People talk about finding the path they should be on or the thing they should be doing like it’s one thing and when they find it the angels will all begin singing in unison, a shaft of light will fall on them and everything will become perfect in the new utopia.  Or something…sometimes their vision is less grand than that, but that’s what I picture in my mind because, you know, go big or go home.  Besides, this is a movie plot they are describing, not a life.  It’s the rags to riches story, the great dramatic turn where everything falls into place and the person lives happily ever after, which is great. I enjoy those plots in movies and TV.  I enjoy them even more when someone is reading the book aloud.  Think that’s just for reading bed time stories to kids?  Try it sometime.  You get a group of friends together to take turns reading a book and you will be amazed at the acting skills you never knew they, or you, had.  Plus the story takes on whole new layers of meaning when read by someone else with an audience. If you want to make it real fun add regional aspects…

Anyway, where was I?  So paths.  Usually people who are looking for that one path that is going to solve all their problems are having a Dorothy issue.  They are trying to find the yellow brick road, don’t have ruby slippers, and haven’t yet realized that everything they have ever wanted is in their own back yard.  In other words, the point isn’t to find the path, but to become the path you’re trying to find.  Remember that the yellow brick road started with an every broadening spiral moving outward from a central point.  Well, each of us is our central point.  Who we are, what we do, how we live, it all spirals out from us.  Looking for a path that will change us is looking outside for the change that we have to make in ourselves.  To find the path that we are supposed to walk we need to become the path we’re supposed to find.

The first step to doing that is taking a break and stepping back from all the looking to reëxamine what you’re really looking for.  Writing down everything, absolutely everything that you expect from the path including personal fulfillment, a great spiritual life, good community, service, and on and on.  Once you have the list, start arranging them in the spiral working from the inside out.  Looking for fulfillment?  What does that actually mean?  Happiness in your life?  Feeling good about who you are and what you do?  Well, no one “thing” is going to give you that.  You need to find that in yourself.  No, I don’t mean you need to take happy pills, will yourself into a happy place (good luck with that), or adjust your attitude or even go through a gratitude exercise.  What I mean is start where you are.  Your unhappiness isn’t a sign that something’s wrong, it’s a sign pointing you to the very start of your spiral.  So look where it’s pointing.  What are you unhappy about?  Why are you unhappy about it?  Don’t think about fixing it.  Again, you’re not broke and this is about you.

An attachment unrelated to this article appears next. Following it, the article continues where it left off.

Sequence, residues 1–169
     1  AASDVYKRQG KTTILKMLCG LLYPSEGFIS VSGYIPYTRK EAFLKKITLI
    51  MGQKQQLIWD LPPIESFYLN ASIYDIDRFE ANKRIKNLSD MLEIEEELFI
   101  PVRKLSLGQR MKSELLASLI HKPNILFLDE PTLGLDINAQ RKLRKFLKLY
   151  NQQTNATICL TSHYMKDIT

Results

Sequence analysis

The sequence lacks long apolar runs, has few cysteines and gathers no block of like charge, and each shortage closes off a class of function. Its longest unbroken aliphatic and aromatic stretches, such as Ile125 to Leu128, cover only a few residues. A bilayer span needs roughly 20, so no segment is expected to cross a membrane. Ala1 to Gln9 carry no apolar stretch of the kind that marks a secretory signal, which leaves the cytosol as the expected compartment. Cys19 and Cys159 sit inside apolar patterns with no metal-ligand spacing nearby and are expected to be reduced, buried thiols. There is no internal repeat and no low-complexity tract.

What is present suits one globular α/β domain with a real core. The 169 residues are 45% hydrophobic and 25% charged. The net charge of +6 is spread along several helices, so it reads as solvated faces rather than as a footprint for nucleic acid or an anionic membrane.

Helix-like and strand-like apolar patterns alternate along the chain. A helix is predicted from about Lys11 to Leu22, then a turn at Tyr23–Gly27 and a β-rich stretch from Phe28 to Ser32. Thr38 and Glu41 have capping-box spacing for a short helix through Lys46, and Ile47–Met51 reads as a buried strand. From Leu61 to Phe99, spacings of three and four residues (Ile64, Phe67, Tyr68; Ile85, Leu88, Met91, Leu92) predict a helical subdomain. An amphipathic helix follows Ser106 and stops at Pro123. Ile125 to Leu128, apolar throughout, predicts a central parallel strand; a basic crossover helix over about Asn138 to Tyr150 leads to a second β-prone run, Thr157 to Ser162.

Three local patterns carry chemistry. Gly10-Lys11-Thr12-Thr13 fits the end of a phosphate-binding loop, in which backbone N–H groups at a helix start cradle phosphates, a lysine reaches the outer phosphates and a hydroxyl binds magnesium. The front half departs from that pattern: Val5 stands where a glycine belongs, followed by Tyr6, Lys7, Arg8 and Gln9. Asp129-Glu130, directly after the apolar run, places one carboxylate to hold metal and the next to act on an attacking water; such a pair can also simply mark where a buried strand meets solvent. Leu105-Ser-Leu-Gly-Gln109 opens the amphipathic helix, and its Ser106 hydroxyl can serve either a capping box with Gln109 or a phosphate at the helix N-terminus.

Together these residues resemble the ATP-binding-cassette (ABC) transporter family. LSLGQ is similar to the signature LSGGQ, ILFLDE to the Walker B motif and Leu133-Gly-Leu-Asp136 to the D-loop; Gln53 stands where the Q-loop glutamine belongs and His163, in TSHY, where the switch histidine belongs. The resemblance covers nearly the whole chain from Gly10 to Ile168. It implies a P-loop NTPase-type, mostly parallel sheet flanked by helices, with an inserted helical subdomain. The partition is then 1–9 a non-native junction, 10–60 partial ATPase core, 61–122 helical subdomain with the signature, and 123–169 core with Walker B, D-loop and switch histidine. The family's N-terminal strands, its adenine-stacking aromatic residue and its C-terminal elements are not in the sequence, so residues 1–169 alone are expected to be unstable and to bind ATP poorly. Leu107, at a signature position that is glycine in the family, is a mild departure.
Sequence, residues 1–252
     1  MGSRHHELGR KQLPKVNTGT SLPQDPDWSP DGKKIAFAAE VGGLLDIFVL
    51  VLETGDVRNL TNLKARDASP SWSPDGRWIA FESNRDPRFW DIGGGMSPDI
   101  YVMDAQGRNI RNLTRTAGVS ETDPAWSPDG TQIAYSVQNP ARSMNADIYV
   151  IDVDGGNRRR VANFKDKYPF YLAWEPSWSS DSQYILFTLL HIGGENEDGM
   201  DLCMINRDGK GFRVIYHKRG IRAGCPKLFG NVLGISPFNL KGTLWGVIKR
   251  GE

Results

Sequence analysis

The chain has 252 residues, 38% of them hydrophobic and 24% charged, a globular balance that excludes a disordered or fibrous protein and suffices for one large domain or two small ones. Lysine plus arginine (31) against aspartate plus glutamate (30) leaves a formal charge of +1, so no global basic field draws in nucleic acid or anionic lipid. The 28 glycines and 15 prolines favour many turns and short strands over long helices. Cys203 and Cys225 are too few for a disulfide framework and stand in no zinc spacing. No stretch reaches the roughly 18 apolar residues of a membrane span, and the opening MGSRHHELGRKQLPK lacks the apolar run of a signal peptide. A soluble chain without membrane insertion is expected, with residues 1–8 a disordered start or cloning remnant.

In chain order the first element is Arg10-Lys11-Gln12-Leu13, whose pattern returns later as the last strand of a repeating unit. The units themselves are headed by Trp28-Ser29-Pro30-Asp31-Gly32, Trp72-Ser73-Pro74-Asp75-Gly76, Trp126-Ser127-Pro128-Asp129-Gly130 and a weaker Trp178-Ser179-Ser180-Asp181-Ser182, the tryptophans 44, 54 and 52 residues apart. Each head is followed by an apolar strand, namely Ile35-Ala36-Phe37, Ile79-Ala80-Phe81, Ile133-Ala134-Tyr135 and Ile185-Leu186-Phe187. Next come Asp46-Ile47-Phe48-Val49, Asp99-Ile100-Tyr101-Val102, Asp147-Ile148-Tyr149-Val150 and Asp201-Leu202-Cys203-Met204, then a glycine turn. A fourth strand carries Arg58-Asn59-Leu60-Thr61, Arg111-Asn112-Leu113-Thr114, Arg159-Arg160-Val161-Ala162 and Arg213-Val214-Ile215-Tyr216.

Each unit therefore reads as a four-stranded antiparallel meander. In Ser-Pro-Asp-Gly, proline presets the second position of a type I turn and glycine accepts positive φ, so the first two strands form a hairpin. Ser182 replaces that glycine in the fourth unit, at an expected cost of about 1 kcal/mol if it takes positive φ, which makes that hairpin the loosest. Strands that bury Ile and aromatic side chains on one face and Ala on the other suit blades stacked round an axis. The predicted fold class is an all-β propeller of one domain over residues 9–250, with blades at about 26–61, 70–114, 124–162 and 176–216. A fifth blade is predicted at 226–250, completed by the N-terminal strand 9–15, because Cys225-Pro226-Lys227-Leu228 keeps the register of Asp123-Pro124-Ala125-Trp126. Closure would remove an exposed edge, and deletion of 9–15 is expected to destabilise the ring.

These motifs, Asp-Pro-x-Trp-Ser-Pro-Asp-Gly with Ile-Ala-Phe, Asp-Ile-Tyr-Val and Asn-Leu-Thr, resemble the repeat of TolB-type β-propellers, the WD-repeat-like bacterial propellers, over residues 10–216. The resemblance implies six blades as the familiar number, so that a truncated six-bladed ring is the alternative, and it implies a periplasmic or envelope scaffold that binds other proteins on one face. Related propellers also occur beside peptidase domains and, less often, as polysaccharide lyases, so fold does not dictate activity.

If something is making you unhappy then things need to change.  You don’t need to change, but perhaps how you’re doing things, what you’re accepting, what you assume is required needs to.  Most people I know who are walking their path didn’t receive a lightning bolt from the sky nor did they win the lottery.  Their paths are an accretion of choices they have made.  Some were sacrifices to achieve a goal, many were choices to not sacrifice and instead validate who they are so they could build the life they wanted to live.  They have become the person they wanted to be, not through luck, but like a coral reef, by building minute by minute who they want to be until they are that.  And they never stop.  So if you haven’t found your path yet, stop and look down at where you’re standing.  If you’ve wandered far from yourself, it might be time to back track.  The beginning of the path isn’t out there somewhere, it’s been inside you all along.